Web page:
Adam Winthrop's Library
draft: 30 January 96; Not to be quoted or cited
Adam Winthrop (1548-1623) was the father of John Winthrop (1588-1649), the first governor of the Massachusetts Bay Colony. He was the youngest son of Adam Winthrop (1498-1562), Master of the Clothworkers. Born in London in 1548, he probably spent some of his youth at Groton, in Suffolk, his father having purchased the former monastic manor in 1544 and taken up residence there in around 1552 . The elder Adam Winthrop died in 1562 and his widow, young Adam's mother, married William Mildmay. Young Adam inherited little land from his father. At the time he was enrolled in a private grammar school run by John Dawes in Ipswich. In 1567 he matriculated fellow commoner at Magdalene, Cambridge where he stayed for a few years, making friendships with John Still, John Knewstub, and Henry Sandes among others.
In 1574 Adam married Alice Still and around then presumably began legal studies at the Inns of Court. In 1575 the fellows of St John's College, where John Still was Master, appointed Adam steward of the college's Kentish manors. In 1577 his wife Alice died and two years later he married Anne Browne, son of Henry Browne, former clergyman of Groton. In 1584 Adam was called to the outer bar of the Inner Temple following a recommendation to the benchers from Robert Dudley, the earl of Leicester. He was one of the signatories of a declaration of loyalty to the Queen signed by the barristers of the Inner Temple in 1585. He was already active in the Groton area as a minor landowner and estate manager for his brother John, who had inherited Groton Manor. He also performed legal services for local landowners, including presiding over manor courts. Adam was one of the supporters of a lectureship at Boxford held by his friend Henry Sandes and was in contact with other members of the Dedham classis and also with John Knewstub, now at Cockfield and leader of a Suffolk classis. In 1592 he was appointed auditor of Trinity college and began annual journeys to Cambridge to check the college accounts. This appointment was undoubtedly due to the influence of John Still, who was Master of Trinity. Still was also archdeacon of Sudbury, presiding over the ecclesiastical jurisdiction that included Groton and Boxford.
Following his brother John's migration to the Munster Plantation in 1595, Adam assumed a larger role in local affairs. He would hold local offices such as overseer of the poor, coroner, and searcher for cloth, and served on commissions. Over time he had contacts with many of the leading families of the Stour Valley region and his son, John (born in 1588) would marry into the Clopton, Forth, and Tyndal families. Adam was also in contact with his nephew, William Alabaster, during the period of that individual's flirtations with the Church of Rome. Adam's own religious views were those of a reformer, in sympathy with the views of local clergymen like Knewstub, Sandes, and Richard Rogers. In this he followed the lead of his older brother William (1529 - 1582 ), a Londoner who was a friend of John Foxe, a churchwarden of St Michael's Cornhill, and who had extensive involvements with the stranger churches in London. Adam acquired numerous volumes of theology and practical divinity and shared them with clerical kin and friends. He continued to correspond with John Still after the latter became Bishop of Bath and Wells. Indeed, Adam briefly held an appointment as receiver for that diocese but does not appear to have taken up the responsibilities of the post. In 1610 his brother John sold Groton Manor to Adam's son John with Adam handling much of the detail and subsequently assisting his son in management of the estate. In 1616 both Adam and his son John were included on a patent roll listing of the Suffolk Commission of the Peace. This is the only such listing that includes Adam Winthrop. He died at Groton on 28 March 1623.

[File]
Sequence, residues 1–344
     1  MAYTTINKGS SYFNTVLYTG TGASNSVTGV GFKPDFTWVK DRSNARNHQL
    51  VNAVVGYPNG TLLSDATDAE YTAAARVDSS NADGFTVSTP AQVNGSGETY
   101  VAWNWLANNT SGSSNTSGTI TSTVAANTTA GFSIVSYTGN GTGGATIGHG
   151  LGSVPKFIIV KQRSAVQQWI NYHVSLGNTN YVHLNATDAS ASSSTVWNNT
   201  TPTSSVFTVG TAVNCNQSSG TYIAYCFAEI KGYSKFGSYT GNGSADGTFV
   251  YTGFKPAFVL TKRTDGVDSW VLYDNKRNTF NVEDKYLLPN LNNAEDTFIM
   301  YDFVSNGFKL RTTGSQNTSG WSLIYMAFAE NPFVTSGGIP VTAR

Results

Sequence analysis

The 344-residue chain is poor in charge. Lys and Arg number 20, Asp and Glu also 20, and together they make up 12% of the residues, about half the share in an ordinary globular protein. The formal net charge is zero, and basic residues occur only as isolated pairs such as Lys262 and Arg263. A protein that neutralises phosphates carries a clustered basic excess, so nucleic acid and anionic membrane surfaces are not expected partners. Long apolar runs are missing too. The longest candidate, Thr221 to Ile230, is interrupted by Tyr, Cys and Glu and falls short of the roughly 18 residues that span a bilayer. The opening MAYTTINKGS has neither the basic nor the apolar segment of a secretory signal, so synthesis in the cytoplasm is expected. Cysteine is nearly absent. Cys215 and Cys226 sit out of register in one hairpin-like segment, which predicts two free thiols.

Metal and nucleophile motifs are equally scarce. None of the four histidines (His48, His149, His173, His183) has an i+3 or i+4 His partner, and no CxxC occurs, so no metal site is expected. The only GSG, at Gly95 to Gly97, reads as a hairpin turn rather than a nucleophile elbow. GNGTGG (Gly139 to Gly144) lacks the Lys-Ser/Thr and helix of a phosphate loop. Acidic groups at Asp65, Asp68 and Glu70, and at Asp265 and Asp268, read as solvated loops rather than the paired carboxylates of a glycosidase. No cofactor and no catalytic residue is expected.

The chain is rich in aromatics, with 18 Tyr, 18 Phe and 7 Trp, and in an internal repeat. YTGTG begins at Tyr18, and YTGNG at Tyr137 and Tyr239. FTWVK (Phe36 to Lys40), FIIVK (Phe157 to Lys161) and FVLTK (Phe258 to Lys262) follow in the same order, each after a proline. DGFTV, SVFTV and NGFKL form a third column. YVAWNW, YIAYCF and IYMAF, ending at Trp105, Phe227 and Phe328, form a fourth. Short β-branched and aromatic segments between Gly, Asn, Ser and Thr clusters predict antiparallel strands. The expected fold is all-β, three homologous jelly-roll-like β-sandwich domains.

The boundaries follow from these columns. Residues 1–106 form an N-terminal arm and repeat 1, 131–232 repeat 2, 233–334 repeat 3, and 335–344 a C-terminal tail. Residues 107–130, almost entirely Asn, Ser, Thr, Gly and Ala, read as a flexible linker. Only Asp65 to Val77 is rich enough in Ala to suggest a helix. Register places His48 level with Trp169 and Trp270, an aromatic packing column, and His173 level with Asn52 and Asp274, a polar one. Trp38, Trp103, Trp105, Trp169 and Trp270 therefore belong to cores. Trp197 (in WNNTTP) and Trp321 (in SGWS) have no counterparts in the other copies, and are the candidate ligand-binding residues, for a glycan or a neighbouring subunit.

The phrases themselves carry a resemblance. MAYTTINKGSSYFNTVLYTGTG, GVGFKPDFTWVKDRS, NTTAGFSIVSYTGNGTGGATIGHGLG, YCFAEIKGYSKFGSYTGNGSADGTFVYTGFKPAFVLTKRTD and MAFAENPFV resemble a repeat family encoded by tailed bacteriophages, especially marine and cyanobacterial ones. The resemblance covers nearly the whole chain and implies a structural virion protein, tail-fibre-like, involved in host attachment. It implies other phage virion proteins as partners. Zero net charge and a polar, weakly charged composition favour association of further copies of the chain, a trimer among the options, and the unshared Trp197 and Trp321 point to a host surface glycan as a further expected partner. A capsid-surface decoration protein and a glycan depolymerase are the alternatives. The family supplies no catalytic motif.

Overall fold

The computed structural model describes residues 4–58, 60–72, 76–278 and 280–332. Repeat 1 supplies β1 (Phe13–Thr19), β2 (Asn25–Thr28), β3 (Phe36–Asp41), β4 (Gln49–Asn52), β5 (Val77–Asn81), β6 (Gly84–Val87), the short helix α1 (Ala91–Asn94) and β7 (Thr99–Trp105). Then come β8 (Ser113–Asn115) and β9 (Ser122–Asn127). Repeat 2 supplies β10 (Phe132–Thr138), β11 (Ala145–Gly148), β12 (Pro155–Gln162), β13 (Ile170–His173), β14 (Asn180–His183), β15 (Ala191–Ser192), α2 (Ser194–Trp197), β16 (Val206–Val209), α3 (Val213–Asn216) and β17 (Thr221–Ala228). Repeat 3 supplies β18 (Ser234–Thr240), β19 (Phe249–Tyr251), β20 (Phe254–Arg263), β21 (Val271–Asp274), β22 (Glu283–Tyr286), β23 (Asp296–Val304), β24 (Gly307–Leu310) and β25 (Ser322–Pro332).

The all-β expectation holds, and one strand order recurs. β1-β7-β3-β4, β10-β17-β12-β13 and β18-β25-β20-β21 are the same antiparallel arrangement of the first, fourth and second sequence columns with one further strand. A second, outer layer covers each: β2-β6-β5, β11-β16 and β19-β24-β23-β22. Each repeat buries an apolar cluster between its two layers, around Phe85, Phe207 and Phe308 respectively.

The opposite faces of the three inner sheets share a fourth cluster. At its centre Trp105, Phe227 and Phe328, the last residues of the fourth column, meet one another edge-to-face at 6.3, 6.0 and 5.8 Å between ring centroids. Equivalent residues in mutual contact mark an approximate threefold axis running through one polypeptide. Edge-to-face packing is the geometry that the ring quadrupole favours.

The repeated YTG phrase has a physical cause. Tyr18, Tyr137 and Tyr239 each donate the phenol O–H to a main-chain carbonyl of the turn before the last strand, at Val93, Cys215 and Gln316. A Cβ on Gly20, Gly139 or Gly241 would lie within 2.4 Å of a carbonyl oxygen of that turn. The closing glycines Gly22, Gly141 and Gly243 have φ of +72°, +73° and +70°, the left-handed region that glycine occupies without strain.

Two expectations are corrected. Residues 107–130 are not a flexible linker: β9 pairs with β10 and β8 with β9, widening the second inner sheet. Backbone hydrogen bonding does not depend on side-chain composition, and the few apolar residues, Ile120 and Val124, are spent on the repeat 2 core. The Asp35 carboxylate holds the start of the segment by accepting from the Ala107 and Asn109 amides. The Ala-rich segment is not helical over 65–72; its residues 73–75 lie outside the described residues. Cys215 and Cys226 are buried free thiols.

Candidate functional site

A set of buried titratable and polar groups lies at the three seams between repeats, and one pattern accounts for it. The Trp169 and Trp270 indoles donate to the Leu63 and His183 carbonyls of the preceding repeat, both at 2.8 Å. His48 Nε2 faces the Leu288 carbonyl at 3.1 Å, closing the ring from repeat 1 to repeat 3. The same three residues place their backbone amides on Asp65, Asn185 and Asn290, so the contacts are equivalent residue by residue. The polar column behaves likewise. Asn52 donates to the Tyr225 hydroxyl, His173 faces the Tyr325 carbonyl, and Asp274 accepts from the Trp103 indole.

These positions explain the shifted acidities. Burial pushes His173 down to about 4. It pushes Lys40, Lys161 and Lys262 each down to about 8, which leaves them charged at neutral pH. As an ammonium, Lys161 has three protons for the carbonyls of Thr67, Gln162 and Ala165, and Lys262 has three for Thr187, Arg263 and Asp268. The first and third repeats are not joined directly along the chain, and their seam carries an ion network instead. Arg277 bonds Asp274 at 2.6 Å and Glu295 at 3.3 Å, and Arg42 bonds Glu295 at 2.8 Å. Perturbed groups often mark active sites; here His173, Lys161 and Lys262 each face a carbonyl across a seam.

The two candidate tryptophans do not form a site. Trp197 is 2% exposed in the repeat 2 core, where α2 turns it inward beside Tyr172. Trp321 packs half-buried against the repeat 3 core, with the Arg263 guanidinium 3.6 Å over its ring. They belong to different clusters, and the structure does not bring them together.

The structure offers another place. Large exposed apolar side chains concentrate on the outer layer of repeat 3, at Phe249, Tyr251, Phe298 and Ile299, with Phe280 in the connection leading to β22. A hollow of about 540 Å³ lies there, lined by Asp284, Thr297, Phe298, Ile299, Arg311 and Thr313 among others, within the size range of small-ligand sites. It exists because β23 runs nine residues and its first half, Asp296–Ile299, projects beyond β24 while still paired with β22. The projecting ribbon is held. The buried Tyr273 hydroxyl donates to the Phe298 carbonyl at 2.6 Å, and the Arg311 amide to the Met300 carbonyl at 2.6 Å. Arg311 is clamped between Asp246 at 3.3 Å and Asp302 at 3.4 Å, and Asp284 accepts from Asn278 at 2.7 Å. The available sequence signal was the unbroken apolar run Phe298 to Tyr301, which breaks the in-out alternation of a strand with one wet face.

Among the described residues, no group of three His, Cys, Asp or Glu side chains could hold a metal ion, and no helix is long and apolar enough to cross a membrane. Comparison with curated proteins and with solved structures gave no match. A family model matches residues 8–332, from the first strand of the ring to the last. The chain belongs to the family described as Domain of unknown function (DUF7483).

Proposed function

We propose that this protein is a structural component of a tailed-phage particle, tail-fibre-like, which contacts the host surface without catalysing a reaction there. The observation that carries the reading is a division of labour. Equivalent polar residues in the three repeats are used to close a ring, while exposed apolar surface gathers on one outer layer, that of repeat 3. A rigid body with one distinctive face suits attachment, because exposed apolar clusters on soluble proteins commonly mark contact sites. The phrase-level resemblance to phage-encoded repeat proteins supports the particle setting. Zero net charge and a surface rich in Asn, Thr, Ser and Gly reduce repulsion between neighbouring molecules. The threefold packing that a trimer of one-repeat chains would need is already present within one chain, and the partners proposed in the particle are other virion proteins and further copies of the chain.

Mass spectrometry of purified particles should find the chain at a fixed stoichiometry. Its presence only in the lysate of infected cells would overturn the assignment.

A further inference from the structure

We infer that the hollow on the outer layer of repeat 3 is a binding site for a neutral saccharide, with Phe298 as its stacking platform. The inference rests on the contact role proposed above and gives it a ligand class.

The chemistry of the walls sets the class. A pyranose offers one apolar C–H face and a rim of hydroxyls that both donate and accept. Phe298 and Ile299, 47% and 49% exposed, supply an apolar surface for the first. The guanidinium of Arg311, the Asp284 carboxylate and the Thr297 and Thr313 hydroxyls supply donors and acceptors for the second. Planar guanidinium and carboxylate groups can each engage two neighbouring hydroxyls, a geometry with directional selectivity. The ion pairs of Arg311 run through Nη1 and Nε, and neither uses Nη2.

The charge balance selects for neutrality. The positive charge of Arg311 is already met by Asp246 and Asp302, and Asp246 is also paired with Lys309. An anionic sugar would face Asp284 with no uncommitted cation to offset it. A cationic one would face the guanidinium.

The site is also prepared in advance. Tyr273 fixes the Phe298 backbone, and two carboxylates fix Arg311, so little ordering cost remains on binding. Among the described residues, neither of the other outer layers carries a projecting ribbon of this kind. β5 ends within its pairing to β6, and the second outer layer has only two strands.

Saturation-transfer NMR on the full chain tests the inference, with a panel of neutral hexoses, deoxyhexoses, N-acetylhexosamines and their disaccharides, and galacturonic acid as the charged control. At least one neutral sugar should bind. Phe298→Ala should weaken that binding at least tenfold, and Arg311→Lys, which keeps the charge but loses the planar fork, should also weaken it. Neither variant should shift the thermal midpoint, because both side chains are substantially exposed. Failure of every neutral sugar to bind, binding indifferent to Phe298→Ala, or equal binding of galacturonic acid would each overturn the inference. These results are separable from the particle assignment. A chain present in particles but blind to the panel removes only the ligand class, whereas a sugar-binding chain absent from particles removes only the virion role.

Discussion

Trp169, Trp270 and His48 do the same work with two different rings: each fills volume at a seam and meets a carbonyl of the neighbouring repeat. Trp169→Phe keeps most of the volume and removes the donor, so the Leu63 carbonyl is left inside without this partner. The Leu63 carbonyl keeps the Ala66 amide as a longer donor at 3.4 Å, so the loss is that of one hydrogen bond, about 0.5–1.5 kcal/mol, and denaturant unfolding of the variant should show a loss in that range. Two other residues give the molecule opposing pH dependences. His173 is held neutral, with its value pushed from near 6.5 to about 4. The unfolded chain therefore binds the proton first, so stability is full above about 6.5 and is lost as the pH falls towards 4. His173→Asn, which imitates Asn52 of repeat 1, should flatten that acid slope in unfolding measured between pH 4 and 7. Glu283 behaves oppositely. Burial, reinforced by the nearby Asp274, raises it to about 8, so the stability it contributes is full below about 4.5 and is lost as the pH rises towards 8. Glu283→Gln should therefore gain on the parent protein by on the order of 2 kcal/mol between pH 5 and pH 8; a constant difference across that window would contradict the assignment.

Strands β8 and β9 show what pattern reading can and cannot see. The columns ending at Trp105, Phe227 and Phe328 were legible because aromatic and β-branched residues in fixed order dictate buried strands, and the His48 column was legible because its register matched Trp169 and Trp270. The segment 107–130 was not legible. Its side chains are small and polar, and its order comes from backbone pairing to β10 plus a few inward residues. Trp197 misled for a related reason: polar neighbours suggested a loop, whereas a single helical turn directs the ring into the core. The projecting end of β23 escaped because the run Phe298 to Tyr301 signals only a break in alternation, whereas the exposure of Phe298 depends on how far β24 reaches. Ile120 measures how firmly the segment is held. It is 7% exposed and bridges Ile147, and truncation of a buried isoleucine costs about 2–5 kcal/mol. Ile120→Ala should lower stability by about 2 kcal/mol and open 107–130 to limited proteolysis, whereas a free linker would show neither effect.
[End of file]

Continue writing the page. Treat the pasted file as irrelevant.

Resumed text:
The Library of Adam Winthrop has been reconstructed from references to books that he made in his diary and from an examination of collections that passed down in the family. Of these collections the largest are those in the possession of the Massachusetts Historical Society, the New York Society, and Allegheny College. Examination of the actual volumes has made it possible to identify by signature, annotation and other means books that belonged to Adam Winthrop. The books and the annotation provide an insight into the reading and ideas of a gentleman and country barrister who was a supporter of Puritan reform in the Elizabethan and Jacobean periods and well connected with lay and clerical leaders of the movement in East Anglia. This compilation does not include the various almanacs that Adam Winthrop owned and annotated, many of which are in the Winthrop Papers at the Massachusetts Historical Society.
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